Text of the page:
Public opinion polls consistently indicate strong support among South Koreans for acquiring their own nuclear deterrent. But South Korea’s leaders are well aware of the major costs and risks of going nuclear. It could seriously erode the U.S.-South Korean alliance, increase tensions on the Korean Peninsula, trigger strong penalties by China, damage Seoul’s international standing, and terminate civil nuclear cooperation with other states, which would end South Korea’s reliance on nuclear power for 30% of its electricity.

For now at least, the Yoon administration would prefer to rely on U.S. security guarantees rather than pursue its own nuclear deterrent. But it believes the U.S. extended nuclear deterrent needs to be strengthened — including by giving South Korea a greater voice in its planning and execution. If current U.S.-Republic of Korea efforts succeed in boosting South Korean confidence in the reliability of U.S. security guarantees, the appeal of an independent nuclear capability will be significantly diminished.

Japan is also considering its nuclear options. While it shares Seoul’s concerns about the North Korean threat, it is also worried about China. And unlike South Korea, Japan already has uranium enrichment and plutonium reprocessing capabilities that would allow it to move toward nuclear weapons relatively quickly.

But Japan is even less likely than South Korea to acquire nuclear weapons. Its public remains strongly opposed, reflecting its history as the only victim of nuclear attack. Tokyo is giving high priority to conventional means of deterring and responding to aggression by China or North Korea — planning to dramatically increase its military expenditures, pursuing long-range missile strike capabilities, and joining with Seoul and Washington to promote trilateral defense cooperation. Like South Korea, Japan is working with the United States to strengthen the U.S. extended deterrent. And like South Korea, it’s well aware of the many downsides of pursuing nuclear weapons.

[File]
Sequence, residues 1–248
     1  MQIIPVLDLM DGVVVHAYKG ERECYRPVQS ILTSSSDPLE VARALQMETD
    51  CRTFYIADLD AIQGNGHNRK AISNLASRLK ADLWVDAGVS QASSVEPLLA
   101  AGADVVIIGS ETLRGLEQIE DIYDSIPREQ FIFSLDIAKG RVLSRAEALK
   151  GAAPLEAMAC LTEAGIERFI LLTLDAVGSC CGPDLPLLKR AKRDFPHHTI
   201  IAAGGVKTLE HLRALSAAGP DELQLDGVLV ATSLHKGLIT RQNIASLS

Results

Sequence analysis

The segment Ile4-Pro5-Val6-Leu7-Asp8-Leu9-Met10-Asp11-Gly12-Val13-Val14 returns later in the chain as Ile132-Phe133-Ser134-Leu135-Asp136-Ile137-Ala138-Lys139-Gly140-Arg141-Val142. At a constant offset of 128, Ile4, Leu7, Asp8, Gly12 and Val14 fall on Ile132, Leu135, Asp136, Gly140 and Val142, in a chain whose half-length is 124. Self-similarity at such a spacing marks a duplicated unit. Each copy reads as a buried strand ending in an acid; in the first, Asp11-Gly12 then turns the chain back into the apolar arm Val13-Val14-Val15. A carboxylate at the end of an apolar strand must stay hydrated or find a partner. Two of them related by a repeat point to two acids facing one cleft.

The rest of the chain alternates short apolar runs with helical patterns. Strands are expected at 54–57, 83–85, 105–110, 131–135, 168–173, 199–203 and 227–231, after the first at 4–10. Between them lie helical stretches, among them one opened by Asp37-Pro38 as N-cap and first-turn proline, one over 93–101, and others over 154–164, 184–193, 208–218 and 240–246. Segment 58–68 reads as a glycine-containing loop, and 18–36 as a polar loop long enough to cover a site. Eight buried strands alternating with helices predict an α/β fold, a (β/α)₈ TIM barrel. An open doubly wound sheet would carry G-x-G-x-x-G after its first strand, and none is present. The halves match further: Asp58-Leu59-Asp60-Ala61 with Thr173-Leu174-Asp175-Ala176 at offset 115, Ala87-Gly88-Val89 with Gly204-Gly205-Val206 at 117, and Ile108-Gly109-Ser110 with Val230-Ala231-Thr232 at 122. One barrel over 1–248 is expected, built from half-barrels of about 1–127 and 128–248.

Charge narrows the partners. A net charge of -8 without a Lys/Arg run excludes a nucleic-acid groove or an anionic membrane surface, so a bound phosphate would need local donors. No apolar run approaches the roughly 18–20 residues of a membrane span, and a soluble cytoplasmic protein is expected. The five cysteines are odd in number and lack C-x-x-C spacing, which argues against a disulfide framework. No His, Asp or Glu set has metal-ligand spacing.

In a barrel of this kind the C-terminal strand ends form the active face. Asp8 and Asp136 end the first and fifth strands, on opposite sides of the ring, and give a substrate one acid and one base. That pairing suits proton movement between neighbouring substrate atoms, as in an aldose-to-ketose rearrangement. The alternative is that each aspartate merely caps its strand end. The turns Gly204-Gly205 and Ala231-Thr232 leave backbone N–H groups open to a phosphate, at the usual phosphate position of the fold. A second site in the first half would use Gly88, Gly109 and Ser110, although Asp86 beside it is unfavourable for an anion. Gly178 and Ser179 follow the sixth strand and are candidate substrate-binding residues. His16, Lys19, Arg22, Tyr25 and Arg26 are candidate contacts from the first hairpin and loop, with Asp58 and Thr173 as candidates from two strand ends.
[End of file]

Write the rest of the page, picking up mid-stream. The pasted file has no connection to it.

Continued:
Taiwan, like South Korea, once had a covert nuclear weapons program but was caught by the United States and forced to shut it down. It now faces a mortal threat from China and, like Ukraine, lacks a binding security guarantee from a nuclear power.

But it, too, is unlikely to pursue nuclear weapons. It was forced long ago to give up the specific nuclear facilities needed for a nuclear program. It knows it would forfeit the political support and military assistance it has received since Russia’s invasion of Ukraine, mainly from the United States. While it will never receive a formal security guarantee from the United States, it is encouraged by Biden’s repeated personal statements of support for defending the island and by bipartisan political support in the U.S. Congress. And not least, Taiwan understands that China would regard a nuclear program as intended to ensure permanent Taiwanese independence and would almost certainly react by intervening militarily.

Iran is the country most likely to become the 10th nuclear-armed state. A return to the JCPOA is now hard to imagine. Iran is steadily increasing its enrichment capacity and reducing its breakout time to a matter of days. Still, a nuclear-armed Iran is not inevitable.

Tehran may decide to settle for a threshold nuclear capability — accumulating substantial stocks of weapons-grade uranium but stopping short of breaking out and using that material to fabricate nuclear weapons. It might settle for a threshold capability if it judged that its current, asymmetric conventional military strategy was succeeding.

It might also do so if it believed that having the option to acquire nuclear weapons relatively quickly would bring strategic benefits without running the risks associated with attempting to build nuclear weapons, including the possibility of a military attack against its nuclear facilities. In 2005, former Iranian President Ali Akbar Hashemi Rafsanjani made the case for a threshold capability: “As long as we can enrich uranium,” he said, “we don’t need anything else. Our neighbors will be able to draw the proper conclusions.”